Environmental Evidence for the Future (EEF) initiative
This new programme of activity will pave the way to addressing crucial challenges and exciting opportunities that present from the UK leaving the European Union, including optimising sustainable environmental management and ensuring the resilience of our ecosystems and the quality of our water and air.
At a time when focus is overwhelmingly on short-term requirements, this programme will define, prioritise and address the medium- to long-term knowledge gaps in the environmental science evidence base. It will identify where NERC investments, the wider environmental research landscape and interdisciplinary knowledge can help address these challenges to inform decisions and pioneer innovative policies and solutions. It will take a holistic, systemic and outcome-driven approach.
14 Sep 2018
NERC is inviting proposals for research projects costing up to £100,000 (100% full economic cost), and up to 12 months' duration under the Environmental Evidence for the Future initiative.
The EEF initiative will work in close collaboration with relevant UK government bodies to define and prioritise key cross-cutting evidence challenges and decisions required post-referendum related to the European environmental policy frameworks under which they are currently working, and which have the scope to be addressed via the NERC community and NERC's investments in the medium-to-longer term.
The initiative will run for an initial 12 months from March 2017 with the potential to extend a further 12-24 months.
Can I apply for a grant?
No, there are no current grant funding opportunities for this programme.
NERC will invest in the region £560,000 over the course of this initiative.
Five awards for systematic evidence mapping were made in December 2018 for 12 months (January - December 2019). Details on the funded projects are are shown in our live online grants browser - Grants on the Web (GOTW).
Programme Executive Team (PET)
The EEF initiative is governed by a Programme Executive Team which is responsible for the strategic direction and management of the programme and delivery of the programme's objectives. Current members of the executive team are:
- Sasha Leigh, Head of UK Partnerships
- Gemma Truelove, Senior Programme Manager
- Penny Gordon, Programme Manager
Programme Co-ordination Group (PCG)
The day-to-day management of the programme is undertaken by the EEF Programme Co-ordination Group, who report to the Programme Executive Group. The team is led by CEH and comprise the following members:
- Rosie Hails (CEH) PCG Director
- Jan Dick (CEH) Project Manager and Scotland Lead
- Joanne Chamberlain (CEH) England and Norther Ireland Lead
- Angus Garbutt (CEH) Wales Lead
- Alan Evans (NOC) Marine Lead
- Alan Gray (CEH) Overseas Territories Lead
- Hannah Lacey (CEH) Communications Lead
Programme Advisory Group (PAG)
The EEF Programme Advisory Group will provide independent, impartial advice to the executive team on the development and direction of the programme. Members of the PAG were recruited through open competition with the group chaired by an invited senior member of the community:
- Andrew Pullin (Chair), University of Bangor
- Andrew Jordan, University of East Anglia
- Stephen Gibson, Joint Nature Conservation Committee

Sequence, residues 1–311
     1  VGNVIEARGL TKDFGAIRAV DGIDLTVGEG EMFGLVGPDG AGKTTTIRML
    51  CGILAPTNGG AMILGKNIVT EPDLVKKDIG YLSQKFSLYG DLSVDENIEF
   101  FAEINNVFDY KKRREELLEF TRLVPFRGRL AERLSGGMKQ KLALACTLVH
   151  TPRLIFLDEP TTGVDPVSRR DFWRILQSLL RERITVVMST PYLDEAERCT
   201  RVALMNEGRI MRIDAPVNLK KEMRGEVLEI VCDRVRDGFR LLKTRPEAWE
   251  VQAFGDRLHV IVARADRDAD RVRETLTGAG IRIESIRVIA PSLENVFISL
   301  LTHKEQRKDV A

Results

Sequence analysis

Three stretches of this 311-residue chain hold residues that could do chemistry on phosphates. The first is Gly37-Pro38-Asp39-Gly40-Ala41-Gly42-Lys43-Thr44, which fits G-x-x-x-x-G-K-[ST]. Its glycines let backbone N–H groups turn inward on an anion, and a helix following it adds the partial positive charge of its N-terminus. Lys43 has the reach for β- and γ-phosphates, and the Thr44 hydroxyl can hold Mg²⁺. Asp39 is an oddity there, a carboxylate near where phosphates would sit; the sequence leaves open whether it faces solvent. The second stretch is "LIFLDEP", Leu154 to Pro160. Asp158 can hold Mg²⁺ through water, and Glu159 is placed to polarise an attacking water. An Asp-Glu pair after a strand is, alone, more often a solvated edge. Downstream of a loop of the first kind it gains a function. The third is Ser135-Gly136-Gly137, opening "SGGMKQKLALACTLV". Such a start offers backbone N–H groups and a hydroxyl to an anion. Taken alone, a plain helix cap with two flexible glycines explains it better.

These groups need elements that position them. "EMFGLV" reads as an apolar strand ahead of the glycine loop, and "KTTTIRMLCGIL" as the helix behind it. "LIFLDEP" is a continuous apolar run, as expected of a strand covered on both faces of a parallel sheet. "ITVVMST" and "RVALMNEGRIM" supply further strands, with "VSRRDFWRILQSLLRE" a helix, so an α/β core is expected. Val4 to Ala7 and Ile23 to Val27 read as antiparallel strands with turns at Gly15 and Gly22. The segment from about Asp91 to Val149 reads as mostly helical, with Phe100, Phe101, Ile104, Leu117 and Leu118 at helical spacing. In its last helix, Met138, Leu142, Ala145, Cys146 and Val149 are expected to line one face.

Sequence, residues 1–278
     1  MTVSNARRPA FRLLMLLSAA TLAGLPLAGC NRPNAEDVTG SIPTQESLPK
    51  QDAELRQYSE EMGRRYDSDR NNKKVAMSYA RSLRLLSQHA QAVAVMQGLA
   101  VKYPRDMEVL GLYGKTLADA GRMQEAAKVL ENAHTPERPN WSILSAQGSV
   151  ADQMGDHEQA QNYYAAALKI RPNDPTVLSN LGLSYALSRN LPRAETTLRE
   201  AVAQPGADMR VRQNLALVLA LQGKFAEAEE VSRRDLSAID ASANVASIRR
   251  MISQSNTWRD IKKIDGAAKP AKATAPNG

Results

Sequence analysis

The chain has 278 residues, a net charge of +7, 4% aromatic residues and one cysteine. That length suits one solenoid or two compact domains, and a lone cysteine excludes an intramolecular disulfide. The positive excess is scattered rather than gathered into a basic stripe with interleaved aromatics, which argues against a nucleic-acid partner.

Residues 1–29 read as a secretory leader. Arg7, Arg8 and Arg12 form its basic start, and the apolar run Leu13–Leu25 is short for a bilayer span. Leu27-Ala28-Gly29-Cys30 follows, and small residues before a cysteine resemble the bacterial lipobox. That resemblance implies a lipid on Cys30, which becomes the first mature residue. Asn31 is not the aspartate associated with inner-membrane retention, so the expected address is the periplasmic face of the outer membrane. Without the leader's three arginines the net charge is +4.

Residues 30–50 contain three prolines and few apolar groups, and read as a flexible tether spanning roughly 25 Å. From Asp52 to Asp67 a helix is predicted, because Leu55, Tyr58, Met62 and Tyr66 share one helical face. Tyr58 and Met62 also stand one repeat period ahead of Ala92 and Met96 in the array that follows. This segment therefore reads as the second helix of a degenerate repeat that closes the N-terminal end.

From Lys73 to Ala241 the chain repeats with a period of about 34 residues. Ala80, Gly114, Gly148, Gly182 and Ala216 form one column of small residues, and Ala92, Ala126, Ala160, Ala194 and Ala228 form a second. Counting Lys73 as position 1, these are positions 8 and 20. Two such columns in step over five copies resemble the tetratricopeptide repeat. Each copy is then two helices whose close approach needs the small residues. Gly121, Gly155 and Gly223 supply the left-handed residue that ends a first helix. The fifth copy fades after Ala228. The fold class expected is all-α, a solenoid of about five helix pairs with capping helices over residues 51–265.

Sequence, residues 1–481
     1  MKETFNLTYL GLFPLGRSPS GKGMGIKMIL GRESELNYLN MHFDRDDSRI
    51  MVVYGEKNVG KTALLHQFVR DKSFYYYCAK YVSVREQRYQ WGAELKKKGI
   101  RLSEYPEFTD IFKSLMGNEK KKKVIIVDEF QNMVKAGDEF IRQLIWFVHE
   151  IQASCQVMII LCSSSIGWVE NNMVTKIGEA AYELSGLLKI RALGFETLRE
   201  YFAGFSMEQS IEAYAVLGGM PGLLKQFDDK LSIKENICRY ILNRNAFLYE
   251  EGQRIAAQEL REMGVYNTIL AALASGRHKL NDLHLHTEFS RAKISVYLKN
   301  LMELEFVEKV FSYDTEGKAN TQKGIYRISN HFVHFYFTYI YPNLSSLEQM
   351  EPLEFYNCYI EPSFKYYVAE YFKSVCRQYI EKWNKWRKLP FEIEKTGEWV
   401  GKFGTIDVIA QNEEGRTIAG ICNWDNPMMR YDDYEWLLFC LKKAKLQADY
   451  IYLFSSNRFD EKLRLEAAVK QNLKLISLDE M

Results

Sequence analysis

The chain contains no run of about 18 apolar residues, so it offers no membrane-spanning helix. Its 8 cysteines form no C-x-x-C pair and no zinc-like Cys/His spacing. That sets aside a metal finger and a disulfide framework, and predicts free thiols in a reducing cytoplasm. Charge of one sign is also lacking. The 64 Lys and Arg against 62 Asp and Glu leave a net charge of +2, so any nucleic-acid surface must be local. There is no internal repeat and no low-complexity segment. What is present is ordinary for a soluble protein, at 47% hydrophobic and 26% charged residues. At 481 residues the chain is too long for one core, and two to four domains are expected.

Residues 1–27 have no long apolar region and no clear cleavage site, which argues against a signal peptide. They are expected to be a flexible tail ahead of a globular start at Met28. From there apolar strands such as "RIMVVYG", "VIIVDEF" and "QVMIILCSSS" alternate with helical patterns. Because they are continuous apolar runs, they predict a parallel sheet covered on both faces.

- Diane Mitchell, National Farmers Union
- Helen Doran, Natural England
- Clare Stringer, Royal Society for the Protection of Birds
- Robert Doubleday, University of Cambridge
- Elizabeth Surkovic, Royal Society
- Andrew Stott, Defra
Challenge setting workshops
As part of the development of the EEF initiative, NERC has run a series of workshops across the UK (Northern Ireland, Scotland, Wales, England and British Overseas Territories) which explored the long-term opportunities for environmental policy in light of leaving the European Union.
The aims of the workshops were to:
- Look forward 25 years at the environmental policy issues the UK may face post-Brexit.
- Consider what the priority policy issues of the future might be.
- Discuss what evidence needs policymakers might have to ensure the UK can capture opportunities and mitigate threats post-Brexit.
- Develop a range of 100 word challenges that describe the priority policy issues.
The workshops were held on the following dates:
24 August 2017 (Heriot-Watt University)
12 September 2017 (Park Inn Hotel, Cardiff)
14 September 2017 (De Vere West One, London)
Note: The England workshop also encompassed a session looking at the challenges and opportunities for British Overseas Territories.
19 September 2017 (Radisson Blu Hotel, Belfast)
Participation at the workshops was by invitation only - a full list of attendees is provided in the individual workshop reports, which can be found below. A summary report is also provided, which pulls together the outputs from all four workshops, including the full list of 65 challenges that were developed.
Call for Evidence
The scoping phase of the EEF worked with the policy and practice community using a futures approach to identify and define potential future environmental evidence challenges via a series of UK wide workshops. These identified 65 environmental evidence challenges.
The wider environmental sciences community were subsequently invited to help articulate the key knowledge gaps and evidence needs pertaining to this set of 65 future environmental policy and practice challenges. Responses to this call for evidence highlighted several broad and cross-cutting themes where environmental evidence is required to address these future challenges, provided in a summary and full report below.